Tuesday, December 22, 2015

Fed Raising Rates

Looks like the Fed is raising rates, and this WSJ article goes through winners and losers. There's another way to think about it though.

Firstly, orthodox macro has lower rates as simulative because it encourages borrowing, which comes concomitantly with spending. However, when you are in a balance sheet recession, with an overly leveraged economy, then this additional borrowing doesn't happen, which has been the story in the US since 2008 and in Japan since about 1985.

More specifically, the leveraged stimulant that lower rates drive comes essentially from residential housing and the mortgage market. Prices remain high on the coasts, and people have all the house they need elsewhere. With a weak labor market, stagnant wages, and generally poor business demand, I don't think households are ready to leverage up or have the cash to go long(er) housing.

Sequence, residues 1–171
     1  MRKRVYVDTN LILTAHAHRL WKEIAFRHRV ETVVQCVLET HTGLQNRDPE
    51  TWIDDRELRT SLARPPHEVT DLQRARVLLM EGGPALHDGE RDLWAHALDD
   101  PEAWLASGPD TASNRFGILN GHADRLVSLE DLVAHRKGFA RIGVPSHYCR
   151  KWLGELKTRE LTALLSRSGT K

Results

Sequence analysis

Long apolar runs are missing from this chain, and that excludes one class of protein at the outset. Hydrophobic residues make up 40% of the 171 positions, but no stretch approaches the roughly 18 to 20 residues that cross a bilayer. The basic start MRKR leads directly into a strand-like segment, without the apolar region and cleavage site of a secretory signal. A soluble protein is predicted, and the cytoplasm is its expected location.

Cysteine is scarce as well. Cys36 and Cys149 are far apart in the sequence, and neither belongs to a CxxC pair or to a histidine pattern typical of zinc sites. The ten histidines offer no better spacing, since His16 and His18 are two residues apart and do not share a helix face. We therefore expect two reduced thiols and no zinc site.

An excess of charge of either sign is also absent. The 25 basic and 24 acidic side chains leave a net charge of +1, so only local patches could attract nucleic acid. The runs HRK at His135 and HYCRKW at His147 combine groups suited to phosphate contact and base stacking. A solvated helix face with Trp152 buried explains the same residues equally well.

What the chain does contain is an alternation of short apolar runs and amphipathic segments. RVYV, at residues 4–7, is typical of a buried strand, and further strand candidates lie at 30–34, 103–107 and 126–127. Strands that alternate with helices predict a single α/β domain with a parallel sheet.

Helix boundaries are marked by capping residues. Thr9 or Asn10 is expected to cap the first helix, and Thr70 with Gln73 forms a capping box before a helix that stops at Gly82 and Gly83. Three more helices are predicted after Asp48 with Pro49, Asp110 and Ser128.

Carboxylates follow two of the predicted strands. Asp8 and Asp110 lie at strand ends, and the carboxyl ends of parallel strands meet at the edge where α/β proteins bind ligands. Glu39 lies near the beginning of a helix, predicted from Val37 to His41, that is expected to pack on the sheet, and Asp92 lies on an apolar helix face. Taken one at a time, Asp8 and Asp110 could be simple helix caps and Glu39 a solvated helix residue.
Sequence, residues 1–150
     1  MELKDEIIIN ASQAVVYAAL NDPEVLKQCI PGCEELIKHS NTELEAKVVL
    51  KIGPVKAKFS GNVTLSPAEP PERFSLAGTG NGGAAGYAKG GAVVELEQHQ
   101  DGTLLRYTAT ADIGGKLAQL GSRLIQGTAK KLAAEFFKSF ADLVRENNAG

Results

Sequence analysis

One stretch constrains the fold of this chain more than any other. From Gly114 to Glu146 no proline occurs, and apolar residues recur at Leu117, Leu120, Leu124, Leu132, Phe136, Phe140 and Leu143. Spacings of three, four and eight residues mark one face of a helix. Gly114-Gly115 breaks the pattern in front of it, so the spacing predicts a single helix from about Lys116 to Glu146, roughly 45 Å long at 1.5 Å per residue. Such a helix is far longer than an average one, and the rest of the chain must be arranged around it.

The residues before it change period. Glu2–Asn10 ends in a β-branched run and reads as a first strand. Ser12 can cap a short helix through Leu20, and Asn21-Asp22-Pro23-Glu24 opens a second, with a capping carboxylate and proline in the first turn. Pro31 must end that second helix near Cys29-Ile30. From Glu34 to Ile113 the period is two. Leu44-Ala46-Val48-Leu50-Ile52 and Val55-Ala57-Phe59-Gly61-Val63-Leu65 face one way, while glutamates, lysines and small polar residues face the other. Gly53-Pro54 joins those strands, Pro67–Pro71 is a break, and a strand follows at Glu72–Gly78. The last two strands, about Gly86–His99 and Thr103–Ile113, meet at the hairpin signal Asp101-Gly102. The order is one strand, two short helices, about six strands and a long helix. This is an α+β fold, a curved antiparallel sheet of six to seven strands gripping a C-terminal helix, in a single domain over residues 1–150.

Secondly, on the flip side, higher interest rates mean more interest income, and income is what remains missing in this economy. 0.25% isn't much, but it's better than ZIRP, and while I see this as being too small to have much of an impact, it is (mildly) simulative.

More broadly, as Mosler points out, the Fed should really leave interest rates at zero permanently. There's no purpose to them, it would take all the profit out of the bond speculation market, and most importantly, it would focus stimulus on the channel which is actually capable of delivering it -- fiscal.


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